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New method maps how ice shaped landscapes on Mars

Published

The planet March

The significance of ice in determining what the Mars landscape looks like is a bit of a mystery. A new method is now increasing our understanding of how ice affected the landscape on the northern plains of Mars.

The northern region of Mars is made up of several low-lying plains filled with sediment. Researchers assume that these areas were formerly covered by an ancient sea.

“Currently these areas are dominated by soil-bound ice, even at latitudes where ice is not in balance with the current climate,” says Andreas Johnsson at the Department of Earth Sciences, University of Gothenburg.
Along with an international research team, he has developed a new method to find answers to unsolved questions about climate and landscape development on Mars.

Ice origins shrouded in mystery

Researchers have investigated the areas of Utopia, Arcadia and Acidalia Planitiae on the planet’s northern plains.

Map over the different landscape on MarsIt is not known if a vanished sea or ice ages in more recent geologic times gave rise to the ice here. Nor do researchers know how old the three surface areas are.

“It takes a very long time to map the landscape of Mars in small-scale areas associated with the presence of ice over large areas. Therefore, we have developed a new method that divides the landscape into 20x20-km squares over a strip 300-km wide from east to west on northern Mars.”

The combined squares provided a bigger picture that the researchers have analysed. This is the first contiguous mapping of the landscape of northern Mars.

Mapping improves understanding

Detailed studies show that soil-bound ice occurs almost everywhere in the three low-lying plains that have been investigated.

“With the new method, we can map very large geographical areas on Mars in less time than before and get a better overall picture of the landscape as well. We also found new landforms that have not previously been described or analysed,” says Johnsson.

Sediment rich in ice that is several metres thick covers large parts of Mars. It is young in geological terms and believed to have been formed from frozen water and tiny airborne particles. The studies show that the distribution of this sediment in the three areas that have been investigated varies.

“Through supplementary radar measurements, we were able to identify soil-bound ice that is much older than the sedimentary covering. The older ice has different distribution in these three low-lying plains.”
He believes that the study paves the way for more detailed studies of recent climate and geological developments on Mars.

Andreas Johnsson“All in all, the study shows that the northern plains landscape on Mars is a region with a complex distribution of soil-bound ice. Landforms associated with frozen water on Mars and their age are extremely interesting because they enable us to understand climate shifts over a period of time. Ice is also important in questions about life on Mars, and also as a resource for future manned missions to Mars.”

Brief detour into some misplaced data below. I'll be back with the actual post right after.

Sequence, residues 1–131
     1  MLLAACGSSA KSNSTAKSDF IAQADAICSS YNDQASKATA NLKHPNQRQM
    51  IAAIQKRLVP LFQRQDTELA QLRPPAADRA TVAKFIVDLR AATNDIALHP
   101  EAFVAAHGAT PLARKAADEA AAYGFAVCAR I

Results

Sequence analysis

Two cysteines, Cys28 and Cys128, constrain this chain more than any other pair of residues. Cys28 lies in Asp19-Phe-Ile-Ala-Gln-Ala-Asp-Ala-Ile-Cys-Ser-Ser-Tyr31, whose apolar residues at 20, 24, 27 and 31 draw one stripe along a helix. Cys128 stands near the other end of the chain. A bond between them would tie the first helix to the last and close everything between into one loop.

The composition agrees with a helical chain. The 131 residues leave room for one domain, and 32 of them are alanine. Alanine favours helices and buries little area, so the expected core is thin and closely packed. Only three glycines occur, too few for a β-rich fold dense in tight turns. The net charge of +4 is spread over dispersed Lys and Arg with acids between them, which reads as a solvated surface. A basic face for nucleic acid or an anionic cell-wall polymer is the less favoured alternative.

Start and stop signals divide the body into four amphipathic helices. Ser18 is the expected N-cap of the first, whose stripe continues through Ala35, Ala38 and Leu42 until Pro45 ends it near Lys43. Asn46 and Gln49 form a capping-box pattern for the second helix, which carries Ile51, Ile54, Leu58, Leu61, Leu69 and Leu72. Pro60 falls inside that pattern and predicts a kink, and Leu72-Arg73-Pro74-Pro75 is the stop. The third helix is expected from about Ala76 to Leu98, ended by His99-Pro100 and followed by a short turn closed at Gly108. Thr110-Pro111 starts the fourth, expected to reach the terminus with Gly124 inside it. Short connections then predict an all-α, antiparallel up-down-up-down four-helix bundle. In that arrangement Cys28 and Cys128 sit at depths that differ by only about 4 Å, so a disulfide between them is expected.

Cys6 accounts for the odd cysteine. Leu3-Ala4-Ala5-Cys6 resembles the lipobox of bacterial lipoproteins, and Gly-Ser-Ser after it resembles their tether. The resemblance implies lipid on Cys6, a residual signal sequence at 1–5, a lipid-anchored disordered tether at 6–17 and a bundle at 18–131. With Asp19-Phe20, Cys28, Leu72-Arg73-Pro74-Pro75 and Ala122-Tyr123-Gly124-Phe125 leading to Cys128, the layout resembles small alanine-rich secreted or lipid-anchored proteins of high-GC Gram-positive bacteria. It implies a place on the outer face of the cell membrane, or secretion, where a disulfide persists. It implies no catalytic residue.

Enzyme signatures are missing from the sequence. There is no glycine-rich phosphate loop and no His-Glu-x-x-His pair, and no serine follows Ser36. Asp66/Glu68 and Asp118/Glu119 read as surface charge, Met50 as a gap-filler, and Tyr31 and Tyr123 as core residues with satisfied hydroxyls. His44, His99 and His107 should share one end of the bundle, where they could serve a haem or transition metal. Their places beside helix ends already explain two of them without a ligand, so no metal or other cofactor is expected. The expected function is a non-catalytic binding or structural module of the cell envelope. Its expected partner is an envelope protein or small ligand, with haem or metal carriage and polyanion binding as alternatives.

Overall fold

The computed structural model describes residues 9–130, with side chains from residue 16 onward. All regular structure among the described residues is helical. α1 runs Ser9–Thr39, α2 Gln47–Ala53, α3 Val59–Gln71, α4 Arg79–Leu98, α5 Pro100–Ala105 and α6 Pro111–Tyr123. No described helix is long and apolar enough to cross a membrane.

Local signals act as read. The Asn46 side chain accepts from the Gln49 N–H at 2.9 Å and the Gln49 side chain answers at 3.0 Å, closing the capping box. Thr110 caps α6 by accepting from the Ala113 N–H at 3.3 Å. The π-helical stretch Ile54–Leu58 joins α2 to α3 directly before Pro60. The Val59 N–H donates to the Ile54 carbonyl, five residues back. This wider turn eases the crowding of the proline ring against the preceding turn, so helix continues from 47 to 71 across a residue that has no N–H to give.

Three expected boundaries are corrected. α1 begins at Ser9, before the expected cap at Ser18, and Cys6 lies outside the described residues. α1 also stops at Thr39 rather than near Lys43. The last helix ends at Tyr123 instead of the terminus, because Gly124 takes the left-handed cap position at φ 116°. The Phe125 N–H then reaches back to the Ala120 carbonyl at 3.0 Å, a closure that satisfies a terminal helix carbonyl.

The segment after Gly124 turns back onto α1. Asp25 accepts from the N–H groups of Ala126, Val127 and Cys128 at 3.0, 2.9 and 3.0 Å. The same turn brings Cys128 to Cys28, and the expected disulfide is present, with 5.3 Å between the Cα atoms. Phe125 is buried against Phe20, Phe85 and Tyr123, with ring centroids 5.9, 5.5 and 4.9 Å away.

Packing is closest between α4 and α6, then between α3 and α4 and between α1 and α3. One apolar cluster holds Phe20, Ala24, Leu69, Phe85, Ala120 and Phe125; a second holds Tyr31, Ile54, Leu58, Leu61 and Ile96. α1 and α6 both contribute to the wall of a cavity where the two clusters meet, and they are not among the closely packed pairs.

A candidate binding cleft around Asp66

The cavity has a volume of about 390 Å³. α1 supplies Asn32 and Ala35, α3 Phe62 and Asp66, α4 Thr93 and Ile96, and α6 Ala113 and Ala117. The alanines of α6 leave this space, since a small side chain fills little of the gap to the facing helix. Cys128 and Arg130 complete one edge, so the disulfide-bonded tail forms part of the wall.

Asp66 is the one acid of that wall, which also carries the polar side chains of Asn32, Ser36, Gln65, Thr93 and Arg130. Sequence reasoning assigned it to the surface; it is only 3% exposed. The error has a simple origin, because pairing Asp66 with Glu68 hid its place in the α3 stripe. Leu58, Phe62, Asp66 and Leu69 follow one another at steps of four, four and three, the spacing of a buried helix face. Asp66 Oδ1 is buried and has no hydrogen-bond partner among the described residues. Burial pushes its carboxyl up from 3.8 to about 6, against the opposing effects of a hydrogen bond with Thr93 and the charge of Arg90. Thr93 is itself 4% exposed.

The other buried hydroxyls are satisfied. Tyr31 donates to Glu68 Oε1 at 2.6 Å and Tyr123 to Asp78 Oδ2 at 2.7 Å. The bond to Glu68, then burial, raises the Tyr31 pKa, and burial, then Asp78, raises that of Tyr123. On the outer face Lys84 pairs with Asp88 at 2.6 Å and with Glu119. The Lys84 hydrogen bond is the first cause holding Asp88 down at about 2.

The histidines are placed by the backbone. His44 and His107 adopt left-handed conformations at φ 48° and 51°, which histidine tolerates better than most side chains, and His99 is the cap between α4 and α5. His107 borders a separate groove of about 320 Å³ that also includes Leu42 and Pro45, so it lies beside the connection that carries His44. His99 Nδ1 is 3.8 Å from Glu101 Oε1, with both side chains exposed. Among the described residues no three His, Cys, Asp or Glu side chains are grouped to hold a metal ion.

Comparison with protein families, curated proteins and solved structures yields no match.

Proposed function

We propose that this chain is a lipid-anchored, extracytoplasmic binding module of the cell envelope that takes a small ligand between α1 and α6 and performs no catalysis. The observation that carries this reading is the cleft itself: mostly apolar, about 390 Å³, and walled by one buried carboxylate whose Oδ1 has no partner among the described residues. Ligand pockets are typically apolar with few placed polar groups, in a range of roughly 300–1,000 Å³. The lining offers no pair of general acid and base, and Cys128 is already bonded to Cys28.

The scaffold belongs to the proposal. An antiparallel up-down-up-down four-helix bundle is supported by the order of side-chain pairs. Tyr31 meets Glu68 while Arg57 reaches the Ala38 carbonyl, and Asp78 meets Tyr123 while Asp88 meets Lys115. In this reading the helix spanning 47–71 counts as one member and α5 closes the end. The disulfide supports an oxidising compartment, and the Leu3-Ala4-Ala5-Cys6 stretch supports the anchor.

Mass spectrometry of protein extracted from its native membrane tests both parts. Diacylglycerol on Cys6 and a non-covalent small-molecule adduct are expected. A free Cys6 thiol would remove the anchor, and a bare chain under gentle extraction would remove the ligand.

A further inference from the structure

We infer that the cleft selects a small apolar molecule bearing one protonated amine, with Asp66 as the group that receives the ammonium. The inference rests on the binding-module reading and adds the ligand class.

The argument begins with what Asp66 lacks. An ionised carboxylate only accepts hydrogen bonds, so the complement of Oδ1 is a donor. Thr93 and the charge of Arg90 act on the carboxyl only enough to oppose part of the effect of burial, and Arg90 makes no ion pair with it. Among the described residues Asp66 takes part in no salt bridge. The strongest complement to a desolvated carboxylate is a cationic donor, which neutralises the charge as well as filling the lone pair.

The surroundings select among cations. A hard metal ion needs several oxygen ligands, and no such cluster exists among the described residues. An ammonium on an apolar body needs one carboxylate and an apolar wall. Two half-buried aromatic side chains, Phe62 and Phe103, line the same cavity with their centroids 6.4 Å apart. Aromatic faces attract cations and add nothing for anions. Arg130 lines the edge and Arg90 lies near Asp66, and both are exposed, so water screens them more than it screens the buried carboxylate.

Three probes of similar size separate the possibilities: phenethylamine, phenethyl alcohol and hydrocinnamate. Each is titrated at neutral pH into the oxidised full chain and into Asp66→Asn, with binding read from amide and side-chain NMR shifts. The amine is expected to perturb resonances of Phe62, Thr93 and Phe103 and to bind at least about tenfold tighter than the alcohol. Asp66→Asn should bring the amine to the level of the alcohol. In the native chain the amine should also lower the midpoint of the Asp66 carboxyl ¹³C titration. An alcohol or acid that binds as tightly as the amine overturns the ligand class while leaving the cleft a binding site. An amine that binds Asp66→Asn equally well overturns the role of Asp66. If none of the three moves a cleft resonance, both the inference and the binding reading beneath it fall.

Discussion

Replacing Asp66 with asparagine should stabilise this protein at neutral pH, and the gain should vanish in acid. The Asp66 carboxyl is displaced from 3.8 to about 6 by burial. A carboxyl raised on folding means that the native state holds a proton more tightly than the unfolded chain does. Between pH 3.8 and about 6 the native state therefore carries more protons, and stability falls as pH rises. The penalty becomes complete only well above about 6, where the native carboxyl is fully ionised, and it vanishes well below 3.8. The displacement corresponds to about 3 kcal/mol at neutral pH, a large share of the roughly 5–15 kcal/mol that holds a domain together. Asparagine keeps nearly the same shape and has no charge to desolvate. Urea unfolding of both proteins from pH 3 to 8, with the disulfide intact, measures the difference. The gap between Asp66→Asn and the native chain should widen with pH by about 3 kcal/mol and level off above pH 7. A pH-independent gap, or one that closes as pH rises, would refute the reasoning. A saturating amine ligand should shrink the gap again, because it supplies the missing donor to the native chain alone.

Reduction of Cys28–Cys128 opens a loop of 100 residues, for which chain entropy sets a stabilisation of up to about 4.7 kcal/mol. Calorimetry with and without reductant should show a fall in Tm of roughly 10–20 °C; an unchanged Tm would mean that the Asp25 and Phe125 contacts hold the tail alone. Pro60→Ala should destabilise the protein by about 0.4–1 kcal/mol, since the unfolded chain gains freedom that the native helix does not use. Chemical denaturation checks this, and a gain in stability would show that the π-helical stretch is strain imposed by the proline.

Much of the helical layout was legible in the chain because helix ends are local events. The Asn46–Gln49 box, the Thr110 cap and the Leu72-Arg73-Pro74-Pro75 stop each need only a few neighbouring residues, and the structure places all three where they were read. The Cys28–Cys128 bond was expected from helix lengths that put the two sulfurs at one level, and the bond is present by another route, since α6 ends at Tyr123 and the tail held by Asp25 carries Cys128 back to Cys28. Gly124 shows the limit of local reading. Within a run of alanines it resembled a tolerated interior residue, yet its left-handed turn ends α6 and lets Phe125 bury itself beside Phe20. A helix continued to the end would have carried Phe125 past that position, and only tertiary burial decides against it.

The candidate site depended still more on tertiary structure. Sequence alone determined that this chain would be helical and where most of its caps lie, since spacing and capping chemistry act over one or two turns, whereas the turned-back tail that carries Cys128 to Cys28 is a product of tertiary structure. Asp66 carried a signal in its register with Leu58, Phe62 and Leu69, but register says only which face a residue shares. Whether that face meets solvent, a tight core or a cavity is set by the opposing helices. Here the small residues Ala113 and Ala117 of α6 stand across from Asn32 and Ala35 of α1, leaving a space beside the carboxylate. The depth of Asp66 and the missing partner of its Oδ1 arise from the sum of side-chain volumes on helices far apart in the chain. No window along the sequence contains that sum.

The research project has been made possible by support from the International Space Science Institute (ISSI) in Bern, and the three-part study has been published in the Journal of Geophysical Research – Planets.
Title: Gridmapping the Northern Plains of Mars: A New Overview of Recent Water‐ and Ice‐Related Landforms in Acidalia Planitia.

Link to the current article in the Journal of Geophysical Research – Planets: https://agupubs.onlinelibrary.wiley.com/doi/abs/10.1029/2018JE005664

Contact:
Andreas Johnsson, Department of Earth Sciences, University of Gothenburg; telephone: +46 (0)31-786 29 43, mobile: +46 (0)705-20 50 88, e-mail: andreasj@gvc.gu.se
Photo:
The image shows one of the investigated areas called Acidalia Planitia. Image credit: NASA/JPL/Malin Space Science Systems
Figure: The three studied areas on Mars (red boxes)
Portrait of Andreas Johnsson, photo GU.
References:
Séjourné, A., Costard, F., Swirad, Z. M., Łosiak, A., Bouley, S., Smith, I., et al. (2018). Grid‐mapping the northern plains of Mars: using morphotype and distribution of ice‐related landforms to understand multiple ice‐rich deposits in Utopia Planitia. Journal of Geophysical Research: Planets, 123. https://doi.org/10.1029/2018JE005665
Ramsdale, J. D., Balme, M. R., Gallagher, C., Conway, S. J., Smith, I. B., Hauber, E., et al. (2018). Gridmapping the northern plains of Mars: Geomorphological, Radar and Water‐Equivalent Hydrogen results from Arcadia Plantia. Journal of Geophysical Research: Planets, 123. https://doi.org/10.1029/2018JE005663
Orgel, C., Hauber, E., van Gasselt, S., Reiss, D., Johnsson, A., Ramsdale, J. D., et al. (2018). Gridmapping the Northern Plains of Mars: A New Overview of Recent Water‐ and Ice‐Related Landforms in Acidalia Planitia. Journal of Geophysical Research: Planets, 123. https://doi.org/10.1029/2018JE005664